[6] Engelmann S, Ruewe M, Geis S, Taeger CD, Kehrer M, Tamm ER, Bleys RLAW, Zeman F, Prantl L, Kehrer A. Rapid and Precise Semi-Automatic Axon Quantification in Human Peripheral Nerves. Sci Rep. 2020
[7] Sommerauer L, Engelmann S, Ruewe M, Anker A, Prantl L, Kehrer A. Effects of electrostimulation therapy in facial nerve palsy. Arch Plast Surg. 2020
[8] Ruewe M, Engelmann S, Huang CW, Klein SM, Anker AM, Lamby P, Bleys RLAW, Tamm ER, Prantl L, Kehrer A. Microanatomy of the Frontal Branch of the Facial Nerve: The Role of Nerve Caliber and Axonal Capacity. Plast Reconstr Surg. 2021
[9] Kehrer A, Ruewe M, Platz Batista da Silva N, Lonic D, Heidekrueger PI, Knoedler S, Jung EM, Prantl L, Knoedler L. Using High-Resolution Ultrasound to Assess Post-Facial Paralysis Synkinesis-Machine Settings and Technical Aspects for Facial Surgeons. Diagnostics (Basel). 2022
[10] Knoedler L, Baecher H, Kauke-Navarro M, Prantl L, Machens HG, Scheuermann P, Palm C, Baumann R, Kehrer A, Panayi AC, Knoedler S. Towards a Reliable and Rapid Automated Grading System in Facial Palsy Patients: Facial Palsy Surgery Meets Computer Science. J Clin Med. 2022

[11] Knoedler L, Miragall M, Kauke-Navarro M, Obed D, Bauer M, Tißler P, Prantl L, Machens HG, Broer PN, Baecher H, Panayi AC, Knoedler S, Kehrer A. A Ready-to-Use Grading Tool for Facial Palsy Examiners-Automated Grading System in Facial Palsy Patients Made Easy. J Pers Med. 2022
[12 ] Kehrer A, Ruewe M, Klebuc M, Platz Batista da Silva N, Lonic D, Heidkrueger P, Jung EM, Prantl L, Knoedler L. Objectifying the Role of the Depressor Anguli Oris Muscle in Synkinetic Smile Formation with High-Resolution Ultrasound- A Prospective Study. Plastic Recon Surg 2023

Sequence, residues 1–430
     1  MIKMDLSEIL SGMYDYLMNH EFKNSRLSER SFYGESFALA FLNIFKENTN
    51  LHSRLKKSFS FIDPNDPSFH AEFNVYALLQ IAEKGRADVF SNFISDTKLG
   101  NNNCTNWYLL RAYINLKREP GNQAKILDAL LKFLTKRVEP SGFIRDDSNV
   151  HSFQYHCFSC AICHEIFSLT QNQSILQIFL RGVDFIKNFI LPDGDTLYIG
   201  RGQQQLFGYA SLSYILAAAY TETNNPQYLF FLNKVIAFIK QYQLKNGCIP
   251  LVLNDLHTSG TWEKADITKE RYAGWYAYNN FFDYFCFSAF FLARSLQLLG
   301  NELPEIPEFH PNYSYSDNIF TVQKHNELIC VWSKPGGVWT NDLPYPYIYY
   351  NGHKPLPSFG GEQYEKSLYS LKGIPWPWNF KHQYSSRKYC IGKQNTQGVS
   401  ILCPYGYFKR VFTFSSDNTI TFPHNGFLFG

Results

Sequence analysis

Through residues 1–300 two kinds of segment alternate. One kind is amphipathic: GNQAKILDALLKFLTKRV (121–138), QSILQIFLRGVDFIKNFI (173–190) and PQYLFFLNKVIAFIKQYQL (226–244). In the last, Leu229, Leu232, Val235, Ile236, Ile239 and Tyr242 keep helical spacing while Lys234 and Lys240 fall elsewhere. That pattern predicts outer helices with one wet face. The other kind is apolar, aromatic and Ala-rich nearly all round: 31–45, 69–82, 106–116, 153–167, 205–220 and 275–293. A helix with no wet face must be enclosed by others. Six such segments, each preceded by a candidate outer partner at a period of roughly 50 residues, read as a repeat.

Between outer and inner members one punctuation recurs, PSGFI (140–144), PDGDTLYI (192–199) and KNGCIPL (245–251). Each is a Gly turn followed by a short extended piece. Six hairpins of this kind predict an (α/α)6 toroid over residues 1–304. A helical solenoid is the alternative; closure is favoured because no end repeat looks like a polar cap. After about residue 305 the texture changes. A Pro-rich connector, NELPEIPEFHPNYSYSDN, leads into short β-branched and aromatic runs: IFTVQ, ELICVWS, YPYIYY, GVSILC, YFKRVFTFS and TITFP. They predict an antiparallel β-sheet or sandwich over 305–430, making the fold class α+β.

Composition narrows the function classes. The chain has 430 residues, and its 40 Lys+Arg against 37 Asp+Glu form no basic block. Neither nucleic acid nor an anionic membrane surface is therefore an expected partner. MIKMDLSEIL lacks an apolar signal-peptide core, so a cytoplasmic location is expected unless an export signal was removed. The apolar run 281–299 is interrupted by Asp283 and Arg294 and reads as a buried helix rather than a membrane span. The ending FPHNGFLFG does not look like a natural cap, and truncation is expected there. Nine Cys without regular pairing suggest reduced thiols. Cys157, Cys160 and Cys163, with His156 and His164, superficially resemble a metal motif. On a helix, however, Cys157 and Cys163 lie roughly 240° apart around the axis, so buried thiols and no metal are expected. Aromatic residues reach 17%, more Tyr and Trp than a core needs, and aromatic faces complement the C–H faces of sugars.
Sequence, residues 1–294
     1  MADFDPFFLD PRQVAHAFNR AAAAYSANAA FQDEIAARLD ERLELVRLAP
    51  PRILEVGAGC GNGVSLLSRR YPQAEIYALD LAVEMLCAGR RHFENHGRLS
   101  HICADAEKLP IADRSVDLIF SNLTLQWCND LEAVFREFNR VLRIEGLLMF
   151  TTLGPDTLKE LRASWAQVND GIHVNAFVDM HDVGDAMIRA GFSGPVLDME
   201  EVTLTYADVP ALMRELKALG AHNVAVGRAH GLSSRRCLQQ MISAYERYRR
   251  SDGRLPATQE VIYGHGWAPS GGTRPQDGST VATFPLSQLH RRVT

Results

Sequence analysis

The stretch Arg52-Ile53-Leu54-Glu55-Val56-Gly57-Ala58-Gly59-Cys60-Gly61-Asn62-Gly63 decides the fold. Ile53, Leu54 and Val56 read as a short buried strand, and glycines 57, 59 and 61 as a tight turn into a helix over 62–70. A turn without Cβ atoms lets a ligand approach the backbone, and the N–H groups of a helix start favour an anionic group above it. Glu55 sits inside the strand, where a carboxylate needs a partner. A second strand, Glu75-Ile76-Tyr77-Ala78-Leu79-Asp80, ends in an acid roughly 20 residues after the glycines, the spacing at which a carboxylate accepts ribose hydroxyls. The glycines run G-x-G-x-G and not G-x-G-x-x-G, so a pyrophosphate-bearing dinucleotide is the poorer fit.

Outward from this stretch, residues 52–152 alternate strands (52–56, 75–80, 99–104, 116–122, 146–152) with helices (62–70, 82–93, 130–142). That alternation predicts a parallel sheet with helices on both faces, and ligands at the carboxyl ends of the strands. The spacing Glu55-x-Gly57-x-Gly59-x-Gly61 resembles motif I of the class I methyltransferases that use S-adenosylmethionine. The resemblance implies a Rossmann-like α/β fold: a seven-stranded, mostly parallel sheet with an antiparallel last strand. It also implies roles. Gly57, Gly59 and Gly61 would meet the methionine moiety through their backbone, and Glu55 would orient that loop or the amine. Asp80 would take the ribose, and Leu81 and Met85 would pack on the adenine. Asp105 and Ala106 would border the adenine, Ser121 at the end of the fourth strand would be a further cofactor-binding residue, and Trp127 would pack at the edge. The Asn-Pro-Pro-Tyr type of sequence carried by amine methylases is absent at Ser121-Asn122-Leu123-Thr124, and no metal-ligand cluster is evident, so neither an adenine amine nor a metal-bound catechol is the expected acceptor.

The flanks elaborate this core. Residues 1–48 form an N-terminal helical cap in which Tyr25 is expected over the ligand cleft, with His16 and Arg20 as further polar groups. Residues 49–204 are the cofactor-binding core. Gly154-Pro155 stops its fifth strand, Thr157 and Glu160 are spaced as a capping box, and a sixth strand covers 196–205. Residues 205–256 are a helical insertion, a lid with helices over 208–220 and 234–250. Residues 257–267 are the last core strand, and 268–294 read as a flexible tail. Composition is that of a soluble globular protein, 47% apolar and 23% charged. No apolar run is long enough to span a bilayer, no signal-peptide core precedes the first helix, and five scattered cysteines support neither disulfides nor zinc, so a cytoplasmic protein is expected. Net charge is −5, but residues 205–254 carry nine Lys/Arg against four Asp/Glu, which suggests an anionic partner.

[13 ] Knoedler, L; Knoedler, S; Chartier, C; Panayi, A.; Orgill, D; Moog, P; Oezdemir, B; von Isenburg, S; Studier-Fischer, A; Prantl, L; Kehrer, A..The Rise of Facial Palsy on Social Media Over the Last 5 Years. Journal of Craniofacial Surgery 2022
[14 ] Kehrer A, Hollmann KS, Klein SM, Anker AM, Tamm ER, Prantl L, Engelmann S, Knoedler S, Knoedler L, Ruewe M. Histomorphometry of the Sural Nerve for Use as a CFNG in Facial Reanimation Procedures. J Clin Med. 2023
[15] Knoedler S, Knoedler L, Hoch CC, Kauke-Navarro M, Kehrer A, Friedman L, Prantl L, Machens HG, Orgill DP, Panayi AC. An ACS-NSQIP Data Analysis of 30-Day Outcomes Following Surgery for Bell's Palsy. J Craniofac Surg. 2023
[16] Kehrer A, Engelmann S, Knoedler L, Klein S, Anker A, Heidekrueger P, Tamm E, Bleys R, Prantl L, Ruewe M. The masseteric nerve for facial reanimation: Macroscopic and histomorphometric characteristics in 106 human cadavers and comparison of axonal ratio with recipient nerves. Journal of Cranio-Maxillofacial Surgery 2023
[17] Knoedler L, Alfertshofer M, Simon S, Prantl L, Kehrer A, Hoch CC, Knoedler S, Lamby P. Diagnosing lagophthalmos using artificial intelligence. Sci Rep. 2023